This is a link post for a Substack post I made.

Sometimes, when doing causal inference, people strongly wish to see a mechanism. For instance, for the claim that some trait is genetically heritable, they want to see the genes through which inheritance passes, and the mechanisms through which the genes act. That is, they want a reductionistic model, where the overall causal effect is broken down into mechanisms that are causally linked together.

Certainly this can be valuable at times! But we shouldn’t think of it as being the only valid method for understanding causality. Here are some reasons why.

Circularity

You want to know the mechanism in order to know the causal effects. But a mechanism is itself dependent on causal claims; it requires picking out a set of variables, making claims about the causal relations between those variables, and adding up the causal effects to an overall mechanism.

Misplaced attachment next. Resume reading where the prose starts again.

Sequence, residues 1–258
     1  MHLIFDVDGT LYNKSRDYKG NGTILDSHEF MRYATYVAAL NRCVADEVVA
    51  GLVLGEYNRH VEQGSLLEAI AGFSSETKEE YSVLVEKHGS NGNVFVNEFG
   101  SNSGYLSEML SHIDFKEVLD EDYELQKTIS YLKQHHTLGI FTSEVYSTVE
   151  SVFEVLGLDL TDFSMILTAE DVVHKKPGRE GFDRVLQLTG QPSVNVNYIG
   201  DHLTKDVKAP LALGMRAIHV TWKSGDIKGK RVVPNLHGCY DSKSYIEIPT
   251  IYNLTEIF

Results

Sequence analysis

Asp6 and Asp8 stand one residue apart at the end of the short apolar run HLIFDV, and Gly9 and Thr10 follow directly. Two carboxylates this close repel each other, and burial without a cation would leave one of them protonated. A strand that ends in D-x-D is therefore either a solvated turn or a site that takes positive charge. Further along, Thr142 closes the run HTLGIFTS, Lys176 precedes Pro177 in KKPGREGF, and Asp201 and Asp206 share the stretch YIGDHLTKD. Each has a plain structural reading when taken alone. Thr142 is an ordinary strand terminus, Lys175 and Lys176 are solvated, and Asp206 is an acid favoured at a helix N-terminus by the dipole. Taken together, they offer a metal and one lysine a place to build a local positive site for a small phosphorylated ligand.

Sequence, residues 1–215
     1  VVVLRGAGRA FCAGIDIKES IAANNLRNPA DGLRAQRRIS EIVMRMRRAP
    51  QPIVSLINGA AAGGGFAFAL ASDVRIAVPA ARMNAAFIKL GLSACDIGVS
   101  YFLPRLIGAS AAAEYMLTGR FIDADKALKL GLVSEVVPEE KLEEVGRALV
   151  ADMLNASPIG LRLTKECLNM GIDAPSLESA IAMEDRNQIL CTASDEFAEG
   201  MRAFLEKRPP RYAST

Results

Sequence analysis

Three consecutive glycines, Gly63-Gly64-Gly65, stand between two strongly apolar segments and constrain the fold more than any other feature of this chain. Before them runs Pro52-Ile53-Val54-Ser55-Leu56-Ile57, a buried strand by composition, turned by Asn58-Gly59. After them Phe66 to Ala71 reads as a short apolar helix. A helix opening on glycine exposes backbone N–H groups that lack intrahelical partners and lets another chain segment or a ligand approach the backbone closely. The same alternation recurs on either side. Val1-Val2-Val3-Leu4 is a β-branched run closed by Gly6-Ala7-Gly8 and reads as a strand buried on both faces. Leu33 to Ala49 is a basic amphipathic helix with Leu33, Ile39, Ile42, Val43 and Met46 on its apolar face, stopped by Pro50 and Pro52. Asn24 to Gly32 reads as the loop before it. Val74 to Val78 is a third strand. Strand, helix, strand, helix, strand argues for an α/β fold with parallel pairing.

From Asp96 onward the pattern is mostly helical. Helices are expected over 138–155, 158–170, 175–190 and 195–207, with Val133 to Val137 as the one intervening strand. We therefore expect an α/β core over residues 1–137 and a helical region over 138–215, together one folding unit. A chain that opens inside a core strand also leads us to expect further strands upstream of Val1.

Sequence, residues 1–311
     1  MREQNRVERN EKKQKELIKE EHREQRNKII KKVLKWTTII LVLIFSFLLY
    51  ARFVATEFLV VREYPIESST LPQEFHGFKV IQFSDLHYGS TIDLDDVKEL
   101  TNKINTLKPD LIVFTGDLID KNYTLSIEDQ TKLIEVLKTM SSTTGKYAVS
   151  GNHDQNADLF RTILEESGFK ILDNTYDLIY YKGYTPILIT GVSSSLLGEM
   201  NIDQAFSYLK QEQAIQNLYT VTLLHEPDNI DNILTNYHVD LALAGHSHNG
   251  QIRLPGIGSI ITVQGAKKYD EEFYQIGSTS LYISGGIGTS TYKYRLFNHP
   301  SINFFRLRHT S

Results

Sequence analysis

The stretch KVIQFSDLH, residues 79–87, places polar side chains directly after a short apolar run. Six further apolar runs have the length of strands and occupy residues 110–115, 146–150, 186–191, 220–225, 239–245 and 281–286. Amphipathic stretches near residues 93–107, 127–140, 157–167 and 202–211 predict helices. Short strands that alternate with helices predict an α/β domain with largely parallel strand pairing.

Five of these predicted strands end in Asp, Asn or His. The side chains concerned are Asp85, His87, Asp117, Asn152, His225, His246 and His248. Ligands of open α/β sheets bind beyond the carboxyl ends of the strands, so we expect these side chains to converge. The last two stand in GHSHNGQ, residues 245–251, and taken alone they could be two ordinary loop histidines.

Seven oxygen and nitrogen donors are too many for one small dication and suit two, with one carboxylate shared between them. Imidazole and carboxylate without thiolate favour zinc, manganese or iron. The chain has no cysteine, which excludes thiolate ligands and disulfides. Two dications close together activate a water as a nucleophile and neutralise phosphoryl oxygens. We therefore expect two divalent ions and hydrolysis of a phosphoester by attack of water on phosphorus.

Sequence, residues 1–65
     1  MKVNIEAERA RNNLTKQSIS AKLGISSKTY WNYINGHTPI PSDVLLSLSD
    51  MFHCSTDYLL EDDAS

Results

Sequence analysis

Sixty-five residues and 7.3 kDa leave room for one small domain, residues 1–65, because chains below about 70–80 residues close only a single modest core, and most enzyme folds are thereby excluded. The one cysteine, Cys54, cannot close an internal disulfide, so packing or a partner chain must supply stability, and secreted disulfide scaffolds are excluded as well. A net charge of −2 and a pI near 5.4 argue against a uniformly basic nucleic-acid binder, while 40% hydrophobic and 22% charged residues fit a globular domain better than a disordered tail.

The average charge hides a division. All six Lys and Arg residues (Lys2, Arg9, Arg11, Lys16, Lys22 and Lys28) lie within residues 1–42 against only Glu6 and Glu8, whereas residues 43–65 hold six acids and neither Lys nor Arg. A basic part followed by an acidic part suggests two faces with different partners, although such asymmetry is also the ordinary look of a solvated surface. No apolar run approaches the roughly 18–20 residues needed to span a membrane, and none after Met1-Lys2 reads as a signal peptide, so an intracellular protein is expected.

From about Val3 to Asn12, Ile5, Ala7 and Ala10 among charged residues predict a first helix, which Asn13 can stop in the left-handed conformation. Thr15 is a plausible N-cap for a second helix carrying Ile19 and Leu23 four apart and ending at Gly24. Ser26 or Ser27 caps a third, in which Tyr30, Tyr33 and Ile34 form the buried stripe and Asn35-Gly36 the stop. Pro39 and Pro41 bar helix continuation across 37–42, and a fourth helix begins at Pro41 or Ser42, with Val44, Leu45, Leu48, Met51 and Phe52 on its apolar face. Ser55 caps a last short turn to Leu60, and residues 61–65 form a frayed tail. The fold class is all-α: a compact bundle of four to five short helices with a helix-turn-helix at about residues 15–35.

If you have two variables X and Z, and there is a claim that X influences Z, then you might ask about what the mechanism is, i.e. through which mediators Y it is that X works its influence on Z. But rather than solving the causal inference problem, this increases the causal inference problem, because it requires figuring out the effects of X on Y, and figuring out the effects of Y on Z. In the worst case, this could lead to infinite regress, as you jump all the way down to quantum field theory in chase of mechanisms. At some point you’ve got to resort to a mechanism-less causal theory.

That is, it’s nice that we today know that the reason objects can push each other upon contact is due to the electrons in the atoms of the objects repelling each other. But we had a good understanding of the fact that contact allows objects to cause a force on each other far before we had a reductionistic understanding of how.

Multiple causes and multiple mediation

Having more educated parents is an advantage for students when doing homework, because parents can help their children with that homework.

But there are an enormous number of different homework tasks, and a fairly high number of different education types and levels your parents could have. In order to understand the effect of parental education or intelligence on helping with homework in a reductionistic manner, you would have to take every single piece of homework, figure out how much more educated parents help, and add it up to a total effect.